This blog post aims to describe how to setup a fully functional nRF51 development environment using Eclipse and the GCC toolchain. We are using a Segger JLink GDB server for the debugging portion, but there are OpenOCD plugins which should work (provided that it supports SWD).
The Nordic application note nAN-29 describes the setup using Sourcery CodeBench Lite and the nRF51822, but I will be using GNU Tools for ARM Embedded Processors with the nRF51422.
- Nordic Application Note nAN-29
- GNU Tools for ARM
- Nordic nRF51422 SDK (will need a product key to download)
- Eclipse IDE for C/C++ developers
- jLink GDB Server
- GNU Coreutils
The following plugins will need to be installed within eclipse. Please refer to this guide for the steps to take to install a new plugin (the Nordic Application note also covers it).
- EmbSysRegView: http://embsysregview.sourceforge.net/update
- GNU ARM Eclipse Plugin: http://gnuarmeclipse.sourceforge.net/updates
Current Versions as of this writing
- GNU Tools for ARM: 4.8-2014-q1
- Nordic nRF51422 SDK: 5.2.0
- jLink: 4.84f
- Core Utils: 5.3.0
- Make: 3.81
- EmbSysRegView: 0.2.4
- Gnu ARM Eclipse Plugin for JLink: 1.5.1
Setting Up Eclipse
Since the application note provides good information in many sections, we will be referring back to it as needed.
Section 1.1 in the application note provides a good overview for installing some necessary plugins. Use the same technique to add the GNU ARM Eclipse Plugin.
Import and Configure Existing Makefile Project
Section 1.2 in the application note describes the Code Sourcery setup, but since we are using GNU make, we can ignore most of the suggestions, except when it comes to Paths and Symbols.
Note that I have added the paths for not only gcc, but app_common and the s210 soft device. You may need to add other related directories if you want eclipse to not show errors in the UI.
The Symbols shown, BOARD_NRF6310 and NRF51, are necessary to include.
Adding Debugging Support for JLink
Since we have already installed the GNU ARM plugin for eclipse, we can add a new debug configuration for our device. Note you’ll need to successfully do a build to find the *.out file for the debug configuration. The corresponding section in the application note is Section 2.
For the debugger, add the path to the arm-non-eabi-gdb.exe binary:
C:\Program Files (x86)\GNU Tools ARM Embedded\4.8 2014q1\bin\arm-none-eabi-gdb.exe
For startup, you’ll need to add the same options provided in the application note (substituting NRF51422 as needed):
mon speed 10000
mon endian little
mon flash download = 1
mon flash device = NRF51422
mon reset 0
The application note’s recommendation of using nrfjprog.exe in section 3 is good, but I use ‘make flash’.
Enabling EmbSys Register Viewer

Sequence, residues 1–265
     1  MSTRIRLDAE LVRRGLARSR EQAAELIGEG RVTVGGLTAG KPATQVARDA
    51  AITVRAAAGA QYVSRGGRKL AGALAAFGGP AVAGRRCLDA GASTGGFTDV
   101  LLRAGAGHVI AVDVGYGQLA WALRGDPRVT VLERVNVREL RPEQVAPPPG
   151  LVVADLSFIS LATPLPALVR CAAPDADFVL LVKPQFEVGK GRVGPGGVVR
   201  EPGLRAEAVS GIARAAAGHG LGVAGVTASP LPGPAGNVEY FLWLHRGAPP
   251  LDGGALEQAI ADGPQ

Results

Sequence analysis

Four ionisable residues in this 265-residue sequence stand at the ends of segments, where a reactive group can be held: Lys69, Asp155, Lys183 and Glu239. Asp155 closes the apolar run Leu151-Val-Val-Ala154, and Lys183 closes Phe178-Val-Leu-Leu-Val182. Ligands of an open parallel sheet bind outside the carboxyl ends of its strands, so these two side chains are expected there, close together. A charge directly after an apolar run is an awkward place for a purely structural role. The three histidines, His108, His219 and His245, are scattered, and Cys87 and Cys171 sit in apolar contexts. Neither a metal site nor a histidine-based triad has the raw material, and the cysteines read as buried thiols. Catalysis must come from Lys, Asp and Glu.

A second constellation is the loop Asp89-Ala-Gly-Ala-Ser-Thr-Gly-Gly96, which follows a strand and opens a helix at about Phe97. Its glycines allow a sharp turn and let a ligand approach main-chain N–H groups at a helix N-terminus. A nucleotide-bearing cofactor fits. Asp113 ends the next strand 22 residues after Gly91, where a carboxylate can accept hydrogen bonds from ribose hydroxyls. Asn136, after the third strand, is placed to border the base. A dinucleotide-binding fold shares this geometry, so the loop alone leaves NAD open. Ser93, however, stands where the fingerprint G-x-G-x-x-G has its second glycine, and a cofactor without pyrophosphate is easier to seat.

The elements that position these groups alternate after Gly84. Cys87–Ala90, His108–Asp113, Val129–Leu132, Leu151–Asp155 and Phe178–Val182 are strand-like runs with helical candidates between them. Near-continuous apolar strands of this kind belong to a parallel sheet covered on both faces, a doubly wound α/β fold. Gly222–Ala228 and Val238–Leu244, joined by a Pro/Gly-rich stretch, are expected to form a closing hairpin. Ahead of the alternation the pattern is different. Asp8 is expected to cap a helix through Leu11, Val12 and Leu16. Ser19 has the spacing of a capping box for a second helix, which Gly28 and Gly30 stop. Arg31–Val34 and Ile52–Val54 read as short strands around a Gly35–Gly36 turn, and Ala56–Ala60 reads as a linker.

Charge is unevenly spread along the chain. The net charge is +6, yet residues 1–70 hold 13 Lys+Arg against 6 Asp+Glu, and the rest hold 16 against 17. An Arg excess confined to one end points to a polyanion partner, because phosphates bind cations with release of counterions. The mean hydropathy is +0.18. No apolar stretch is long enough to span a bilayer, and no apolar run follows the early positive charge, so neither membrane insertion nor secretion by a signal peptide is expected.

Following the application note’s (nAN-29 Section 4) recommendation will correctly setup the register viewer.
Notes on Folder Paths for Projects
GDB has some problems with spacese in the debugging path for the application source code, so to successfully debug your code on device, make sure that the path to your source directory has no spaces.
Another interesting note is that Segger JLink will breakpoint your processor at the hard fault handler if you have allocated too many breakpoints while using a Segger JLink lite (4 breakpoint limit).
With these recommendations combined with Nordic’s application note nAN-29, we can have an eclipse development environment with GDB debugging from within eclipse, using a full GCC toolchain. When I followed the original application note I ran into areas where GDB entered unknown territory (GDB couldn’t find the source code). With these modifications GDB works flawlessly.
nAN-29 is removed from Nordic site since Nordic thinks it is no longer valid. Anyway to repost it here? or make steps in details without reference to nAN-29. Thanks.
Since Nordic has removed the application note 29, I will need to update the post so that it stands alone from the application note. Thanks for posting a note about the application note removal, a tutorial isn’t very useful if the links it refers to is missing.
Have you tried using VisualGDB for Visual Studio. It has worked great for me on an embedded project using GDB and GCC.
I haven’t specifically tried VisualGDB for Visual Studio, but it looks good. It may be the subject of a followup blog post if I get some time to work on it. I generally like Eclipse since it is an open source project and with GNU ARM Eclipse plugins I can develop and test firmware changes quickly within Eclipse.
I had the same problem finding nAN-29. But I used archive.org with the bad link for it and it was there.
Thanks, Way Back Machine!
I am having the following error when start the debugging session.
No source available for “0xffffffff”
Do you have any idea?
Thanks in advance